Goswick Golf Club

GEO Certified® 04/2017
Berwick Upon Tweed,
England, United Kingdom
Telephone: 01289 387256

Goswick Golf Club is a long-established classic links course in northeast England, and has occupied the same site for the whole of its 125 years plus of existence. It lies in a very sensitive location, immediately adjacent to extensive wildlife sites of international importance, but its traditional low intensity management has ensured that the habitat continuity between the golf course and the protected areas has not been compromised in any way. The club are rightly proud of their high quality bent/fescue playing surfaces, which provide excel…

Keith Duff, GEOSA, Accredited Verifier Read verifier report.

GEO Certified® Report

GEO Certified® is the symbol of great golf environments worldwide – designating that a golf facility has met a credible standard in the areas of Nature, Resources, Community, and is committed to continual improvement. GEO Certified® is widely trusted and endorsed by a growing number of organizations and people, both inside and outside golf.

Click below to read about the activities undertaken by this golf facility to operate sustainably.

Facility details

Golf Courses
Goswick Links (18 holes, 6803 yards, year opened 1890)
1 Clubhouse(s)
1 Maintenance Facility/Facilities
1 Pro Shop
1 Practice Facility/Facilities


Goswick Golf Club is situated on the Northumberland coast approximately 5 miles from Berwick-upon-Tweed and 3 miles from Lindersfarne. The coast surrounding the course contains a number of designations to protect valuable ecosystems and wildlife. Lindersfarne in particular is a key migration point for migrating birds.
The course itself is situated in an expansive fixed dune system which stretches along the coast towards Berwick. The dunes support a range flora and fauna, with marram grass being the dominant species nearest the sea but with a blend of marram and fescue further inland. The course boundary to the west is marked by a railway line and then farmland, with a range of arable and grazing land leading the way to the Cheviot Hills in the distance.
The grass ecosystems on the course are well managed to encourage wildflowers, ground nesting birds and other invertebrates, whilst also providing a fair test for golf.
The course also supports several areas of scrub vegetation, with sea buckthorn and gorse being the prevailing species. These provide vital habitat and refuge for many bird species and are managed sensitively by the Greenstaff.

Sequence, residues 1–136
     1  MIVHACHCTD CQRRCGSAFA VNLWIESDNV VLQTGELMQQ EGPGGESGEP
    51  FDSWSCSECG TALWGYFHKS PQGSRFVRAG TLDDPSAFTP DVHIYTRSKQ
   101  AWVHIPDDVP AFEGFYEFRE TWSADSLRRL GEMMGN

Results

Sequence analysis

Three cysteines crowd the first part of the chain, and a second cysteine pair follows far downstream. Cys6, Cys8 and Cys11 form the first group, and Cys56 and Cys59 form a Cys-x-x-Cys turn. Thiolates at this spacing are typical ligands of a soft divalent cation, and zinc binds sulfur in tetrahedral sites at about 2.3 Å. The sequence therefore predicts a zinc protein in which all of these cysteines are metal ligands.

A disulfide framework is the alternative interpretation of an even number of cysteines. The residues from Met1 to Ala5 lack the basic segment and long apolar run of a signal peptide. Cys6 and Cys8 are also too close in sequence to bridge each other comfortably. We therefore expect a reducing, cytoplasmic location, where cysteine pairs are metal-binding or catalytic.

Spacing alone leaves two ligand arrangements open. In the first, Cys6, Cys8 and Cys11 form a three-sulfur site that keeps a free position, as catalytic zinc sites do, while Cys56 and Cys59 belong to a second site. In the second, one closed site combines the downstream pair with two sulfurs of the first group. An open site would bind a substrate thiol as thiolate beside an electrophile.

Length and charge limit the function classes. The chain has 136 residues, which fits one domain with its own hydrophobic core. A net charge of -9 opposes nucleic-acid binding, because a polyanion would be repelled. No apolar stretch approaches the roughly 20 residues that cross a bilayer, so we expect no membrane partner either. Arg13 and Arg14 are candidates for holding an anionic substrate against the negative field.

There are several ponds across the course which provide excellent refuge for water birds and are also important for drainage of the land. The marshland area to the south of the course contributes to the sites biodiversity and supports valuable species of orchid and wildflowers.
Grass ecosystems across the course are managed well, with management practices centred around maintaining the wonderful dune landscape and supporting native vegetation. This contributes to a true authentic links experience for the golfer.
The Club are proud of the wonderful site in which the course is situated and are always looking at ways to improve and enhance biodiversity. Moving forward the Club are looking to commission some ecological surveys to gain a better understanding of the land.

Consultation & Surveys

This golf facility does not consult any organizations regarding landscape heritage conservation.

No landscape assessments or surveys have been undertaken at this golf facility.

This golf facility consults the following organizations regarding ecosystem protection and enhancement:

  • Sports Turf Research Institute

No ecological surveys have been undertaken at this golf facility.

No rare, protected or notable species occur at this golf facility.

This golf facility does not monitor any species as indicators of environmental quality.

Habitats & Designations

This golf facility does not feature any landscape designations.

No areas of habitats / vegetation types and associated designations are present at this golf facility.


Size and estimated species composition of amenity turfgrass maintained at this golf facility.

Estimated Area (Hectares) Turfgrass Species Sward Composition (%)
Greens 0.9 Hectares Festuca rubra 40%
Agrostis tenuis / capillaris 60%
Tees 0.7 Hectares Agrostis tenuis / capillaris 50%
Festuca rubra 50%
Fairways 9.0 Hectares Festuca rubra 60%
Agrostis tenuis / capillaris 40%
Semi Rough 6.2 Hectares Festuca rubra 60%
Festuca ovina 40%

These turfgrasses are optimal for the circumstances at this club because:
These grass species are native to the site and offer true links playing characteristics which compliments the course design. The fescue and bentgrasses are also more sustainable to manage and require lower fertiliser, water and pesticide inputs compared to rogue grasses such as annual meadow grass. The finer grasses also require lower maintenance inputs to achieve the desired playing performance, therefore saving costs and reducing the Club's carbon footprint.

This golf facility assesses mowing patterns every: time of mowing months

This golf facility consults the following individuals / organizations regarding its grassing plan:

  • Sports Turf Research Institution
  • Dr David Greenshields - Barenbrug

This golf facility is making the following efforts to manage the playing quality expectations of customers:

Activity Description